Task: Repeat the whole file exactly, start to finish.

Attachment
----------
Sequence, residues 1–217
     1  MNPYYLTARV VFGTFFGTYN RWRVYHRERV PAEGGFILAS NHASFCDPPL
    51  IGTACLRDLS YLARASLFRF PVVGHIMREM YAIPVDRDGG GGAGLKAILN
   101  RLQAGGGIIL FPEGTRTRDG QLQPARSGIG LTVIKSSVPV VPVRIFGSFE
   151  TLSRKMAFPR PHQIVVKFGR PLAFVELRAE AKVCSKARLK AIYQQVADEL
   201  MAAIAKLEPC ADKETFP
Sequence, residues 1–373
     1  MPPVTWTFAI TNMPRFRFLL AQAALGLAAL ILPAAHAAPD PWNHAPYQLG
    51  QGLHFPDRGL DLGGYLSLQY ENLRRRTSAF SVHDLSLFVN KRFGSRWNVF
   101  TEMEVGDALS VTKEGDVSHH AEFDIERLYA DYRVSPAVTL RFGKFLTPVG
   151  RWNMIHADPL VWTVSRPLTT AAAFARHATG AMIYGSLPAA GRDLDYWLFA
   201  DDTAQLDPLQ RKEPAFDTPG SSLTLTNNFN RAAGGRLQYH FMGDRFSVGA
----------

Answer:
Sequence, residues 1–217
     1  MNPYYLTARV VFGTFFGTYN RWRVYHRERV PAEGGFILAS NHASFCDPPL
    51  IGTACLRDLS YLARASLFRF PVVGHIMREM YAIPVDRDGG GGAGLKAILN
   101  RLQAGGGIIL FPEGTRTRDG QLQPARSGIG LTVIKSSVPV VPVRIFGSFE
   151  TLSRKMAFPR PHQIVVKFGR PLAFVELRAE AKVCSKARLK AIYQQVADEL
   201  MAAIAKLEPC ADKETFP
Sequence, residues 1–373
     1  MPPVTWTFAI TNMPRFRFLL AQAALGLAAL ILPAAHAAPD PWNHAPYQLG
    51  QGLHFPDRGL DLGGYLSLQY ENLRRRTSAF SVHDLSLFVN KRFGSRWNVF
   101  TEMEVGDALS VTKEGDVSHH AEFDIERLYA DYRVSPAVTL RFGKFLTPVG
   151  RWNMIHADPL VWTVSRPLTT AAAFARHATG AMIYGSLPAA GRDLDYWLFA
   201  DDTAQLDPLQ RKEPAFDTPG SSLTLTNNFN RAAGGRLQYH FMGDRFSVGA